On Wednesday 29 March 2023, I made a speech in Federal Parliament in support of the Government's Workplace Gender Equality Amendment Bill 2023 as a positive step, and called on the government to implement further reforms to address the persistence of the wage gap. You can watch the speech here or read the full transcript below.
E WATSON-BROWN: I am very sad to report to this House that the 2022 Global gender gap report ranked Australia 43rd in the world for gender equality. This is patently too low for a wealthy country that claims equality as an Australian virtue. I was also sad to hear just now from the member for Chisholm about the reports on unreconstructed gender attitudes here in Australia. It's just not good enough. The overall gender pay gap worsened during COVID. The figures, I understand, are at 22.8—a bit different from what you've said but still appalling. I guess it depends on how it's measured. It's not good enough. It's absolutely urgent that the gap closes rather than widens again.
We Greens have called for a number of reforms towards achieving this, measures like extending coverage to public and private sector organisations with more than 50 employees; measuring, which means actually looking at whether existing policies are implemented and what impact they are really having; publishing employer data of pay levels rather than just general sector-by-sector reportage; requiring real action, making employers actually take action to close the gender pay gap, and making the employers who are not doing this ineligible for government grants and contracts; requiring reportage, making employers publish the number of sexual harassment complaints made and what action is taken in response; collecting intersectional data to identify hurdles for particular groups of women; and designing targeted approaches to addressing specific pay gaps.
Some of these recommendations are being implemented in this bill and the revised minimum standards instruments. It's encouraging to see that the Workplace Gender Equality Amendment (Closing the Gender Pay Gap) Bill 2023 will require the WGEA to publish employer-level gender pay gap data, will require relevant employers to report to their governing bodies and will recognise sexual harassment and discrimination as gender equality indicators. It's also encouraging that the new minimum standards instruments provide for more detailed reporting to bridge the gap between policy and action. So it's great that we're taking these important steps towards transparency, accountability and reporting of the gender pay gap. As my colleague Senator Larissa Waters has noted, you cannot fix a problem you do not understand, and you cannot understand a problem without clear, consistent and meaningful data.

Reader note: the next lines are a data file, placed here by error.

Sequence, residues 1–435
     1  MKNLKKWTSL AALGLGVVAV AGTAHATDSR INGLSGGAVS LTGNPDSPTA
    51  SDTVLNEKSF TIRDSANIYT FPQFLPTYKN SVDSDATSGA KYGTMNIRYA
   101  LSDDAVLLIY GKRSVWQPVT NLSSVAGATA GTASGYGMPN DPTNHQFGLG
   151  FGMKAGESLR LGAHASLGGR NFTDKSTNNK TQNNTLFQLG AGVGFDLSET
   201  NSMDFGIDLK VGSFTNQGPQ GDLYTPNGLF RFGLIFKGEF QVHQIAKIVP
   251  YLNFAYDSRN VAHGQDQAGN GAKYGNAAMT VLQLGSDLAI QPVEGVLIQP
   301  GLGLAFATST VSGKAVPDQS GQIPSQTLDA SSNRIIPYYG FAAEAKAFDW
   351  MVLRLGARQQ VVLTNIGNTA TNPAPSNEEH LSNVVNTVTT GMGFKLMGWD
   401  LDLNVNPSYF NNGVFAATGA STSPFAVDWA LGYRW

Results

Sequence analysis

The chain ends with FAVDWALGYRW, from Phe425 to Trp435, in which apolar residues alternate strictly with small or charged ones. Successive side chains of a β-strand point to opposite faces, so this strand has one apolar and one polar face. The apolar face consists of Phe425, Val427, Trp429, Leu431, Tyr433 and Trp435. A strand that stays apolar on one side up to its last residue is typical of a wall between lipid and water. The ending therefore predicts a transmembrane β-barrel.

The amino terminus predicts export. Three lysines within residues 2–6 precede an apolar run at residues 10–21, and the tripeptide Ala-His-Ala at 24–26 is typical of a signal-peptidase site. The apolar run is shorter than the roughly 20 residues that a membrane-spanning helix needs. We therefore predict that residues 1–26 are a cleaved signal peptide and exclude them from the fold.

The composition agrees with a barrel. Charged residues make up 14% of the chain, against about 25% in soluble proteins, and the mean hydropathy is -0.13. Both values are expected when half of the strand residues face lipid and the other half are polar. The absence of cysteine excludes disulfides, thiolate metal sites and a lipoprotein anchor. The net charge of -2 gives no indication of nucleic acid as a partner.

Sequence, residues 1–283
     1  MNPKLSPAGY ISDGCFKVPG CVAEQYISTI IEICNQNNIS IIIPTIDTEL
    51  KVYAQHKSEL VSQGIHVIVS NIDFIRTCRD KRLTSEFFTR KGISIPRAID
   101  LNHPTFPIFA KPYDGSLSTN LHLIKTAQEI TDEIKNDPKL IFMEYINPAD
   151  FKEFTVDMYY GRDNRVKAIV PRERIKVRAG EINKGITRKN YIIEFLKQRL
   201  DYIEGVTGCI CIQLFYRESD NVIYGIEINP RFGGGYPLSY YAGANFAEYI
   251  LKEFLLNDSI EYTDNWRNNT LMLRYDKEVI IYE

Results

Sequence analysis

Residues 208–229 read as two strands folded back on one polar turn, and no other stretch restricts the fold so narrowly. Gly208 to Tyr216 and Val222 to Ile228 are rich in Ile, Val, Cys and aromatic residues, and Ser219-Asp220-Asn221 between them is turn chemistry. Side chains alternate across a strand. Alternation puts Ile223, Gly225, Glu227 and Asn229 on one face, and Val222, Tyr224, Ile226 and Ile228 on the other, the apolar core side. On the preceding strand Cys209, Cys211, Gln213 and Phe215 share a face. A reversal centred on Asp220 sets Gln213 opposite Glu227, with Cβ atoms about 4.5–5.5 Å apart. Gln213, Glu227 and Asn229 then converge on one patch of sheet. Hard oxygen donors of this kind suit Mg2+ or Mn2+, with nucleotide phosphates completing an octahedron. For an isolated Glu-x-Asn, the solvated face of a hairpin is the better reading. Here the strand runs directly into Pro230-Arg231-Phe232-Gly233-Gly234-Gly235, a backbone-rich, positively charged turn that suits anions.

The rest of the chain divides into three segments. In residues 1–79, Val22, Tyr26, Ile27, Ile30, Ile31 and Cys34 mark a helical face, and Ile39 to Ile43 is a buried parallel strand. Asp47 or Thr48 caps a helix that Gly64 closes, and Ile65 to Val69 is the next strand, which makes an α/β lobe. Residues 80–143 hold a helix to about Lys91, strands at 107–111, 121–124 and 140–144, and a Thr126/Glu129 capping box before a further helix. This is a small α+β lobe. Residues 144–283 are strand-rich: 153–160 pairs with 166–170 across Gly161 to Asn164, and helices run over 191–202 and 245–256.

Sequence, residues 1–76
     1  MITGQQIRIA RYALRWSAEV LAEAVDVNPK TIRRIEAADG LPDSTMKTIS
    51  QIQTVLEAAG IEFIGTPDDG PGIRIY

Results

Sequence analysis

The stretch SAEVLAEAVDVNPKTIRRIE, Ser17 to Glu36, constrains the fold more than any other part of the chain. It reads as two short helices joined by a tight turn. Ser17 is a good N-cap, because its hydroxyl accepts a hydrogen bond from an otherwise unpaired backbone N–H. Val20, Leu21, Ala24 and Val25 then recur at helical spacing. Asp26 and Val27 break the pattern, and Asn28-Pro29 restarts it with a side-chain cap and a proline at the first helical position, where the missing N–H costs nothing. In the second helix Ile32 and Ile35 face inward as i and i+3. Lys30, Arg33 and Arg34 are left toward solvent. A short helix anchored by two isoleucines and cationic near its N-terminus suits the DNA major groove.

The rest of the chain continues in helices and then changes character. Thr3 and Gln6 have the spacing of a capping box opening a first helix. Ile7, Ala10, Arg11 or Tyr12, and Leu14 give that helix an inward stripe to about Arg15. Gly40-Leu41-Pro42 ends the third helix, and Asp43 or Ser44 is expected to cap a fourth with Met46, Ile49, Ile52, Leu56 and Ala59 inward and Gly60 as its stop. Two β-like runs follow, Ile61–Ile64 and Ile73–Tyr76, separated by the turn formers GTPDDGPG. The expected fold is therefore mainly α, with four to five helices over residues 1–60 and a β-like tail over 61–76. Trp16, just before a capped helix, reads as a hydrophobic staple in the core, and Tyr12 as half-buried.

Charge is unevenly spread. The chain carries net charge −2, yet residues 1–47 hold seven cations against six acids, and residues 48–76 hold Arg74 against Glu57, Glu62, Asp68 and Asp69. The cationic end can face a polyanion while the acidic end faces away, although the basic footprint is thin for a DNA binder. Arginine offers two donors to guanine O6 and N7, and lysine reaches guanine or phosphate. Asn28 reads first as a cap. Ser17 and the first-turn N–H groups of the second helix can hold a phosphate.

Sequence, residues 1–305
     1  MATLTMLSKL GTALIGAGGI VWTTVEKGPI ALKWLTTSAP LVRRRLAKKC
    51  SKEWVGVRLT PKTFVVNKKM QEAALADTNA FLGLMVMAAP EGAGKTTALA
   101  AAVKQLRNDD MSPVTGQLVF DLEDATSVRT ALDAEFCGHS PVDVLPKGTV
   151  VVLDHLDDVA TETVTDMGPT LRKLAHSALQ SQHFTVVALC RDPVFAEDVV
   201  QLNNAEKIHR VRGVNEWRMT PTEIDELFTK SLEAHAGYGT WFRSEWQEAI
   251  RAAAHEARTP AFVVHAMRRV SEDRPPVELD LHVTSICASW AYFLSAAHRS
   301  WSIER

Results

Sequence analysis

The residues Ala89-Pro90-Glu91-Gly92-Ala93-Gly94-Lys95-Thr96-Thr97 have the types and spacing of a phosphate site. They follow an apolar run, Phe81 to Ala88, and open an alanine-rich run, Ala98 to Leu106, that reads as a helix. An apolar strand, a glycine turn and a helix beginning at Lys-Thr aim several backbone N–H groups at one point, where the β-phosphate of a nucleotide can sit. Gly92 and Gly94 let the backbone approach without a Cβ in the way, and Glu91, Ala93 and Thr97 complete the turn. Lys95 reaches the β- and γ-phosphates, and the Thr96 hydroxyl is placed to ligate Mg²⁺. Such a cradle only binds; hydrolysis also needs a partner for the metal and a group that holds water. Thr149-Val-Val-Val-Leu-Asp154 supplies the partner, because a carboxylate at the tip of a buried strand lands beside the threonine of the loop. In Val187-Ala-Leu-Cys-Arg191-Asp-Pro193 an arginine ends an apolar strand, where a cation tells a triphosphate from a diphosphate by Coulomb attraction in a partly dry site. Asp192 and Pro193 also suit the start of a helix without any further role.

Today I want to take this opportunity to talk about the bigger picture of what we urgently need to really address the gender pay gap and gender inequality in Australia. Firstly, we need real above-inflation wage rises in feminised industries like nursing and cleaning, not just lip-service to that. We need paid parental leave of 12 months, with super contributions and provision to ensure more equal sharing of care between partners. And we desperately need universal free child care for every family, not complex or overwrought, means-tested subsidised systems. We urgently need to build enough public housing and crisis accommodation so that every woman has a secure place to call home. I note that currently Labor's offer on housing is going to see more women in need of affordable housing by the end of that policy than currently. I think that that's just not good enough. We also need to raise income support above the poverty line, and we absolutely need to reverse the Gillard government's decision to cut parents off the single parent payment when their child turns eight and punt them onto the much lower JobSeeker payment. Single parents should remain eligible for this additional support until their youngest child is 16.
All this would give all women the economic and social security and independence needed to live flourishing lives, to not have to choose between family and career, to be valued for the work they do, to escape situations of domestic violence. We welcome this bill as a positive step and urge the government to use its promised second tranche of reforms to implement the outstanding recommendations from the WGEA review and drive the change that all employees deserve.